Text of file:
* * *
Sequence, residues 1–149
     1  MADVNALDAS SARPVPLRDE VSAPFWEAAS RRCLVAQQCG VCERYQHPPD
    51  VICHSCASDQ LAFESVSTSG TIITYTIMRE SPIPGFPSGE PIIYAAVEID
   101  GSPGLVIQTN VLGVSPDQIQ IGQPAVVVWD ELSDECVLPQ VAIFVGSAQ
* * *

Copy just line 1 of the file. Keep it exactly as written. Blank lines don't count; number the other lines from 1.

Sequence, residues 1–149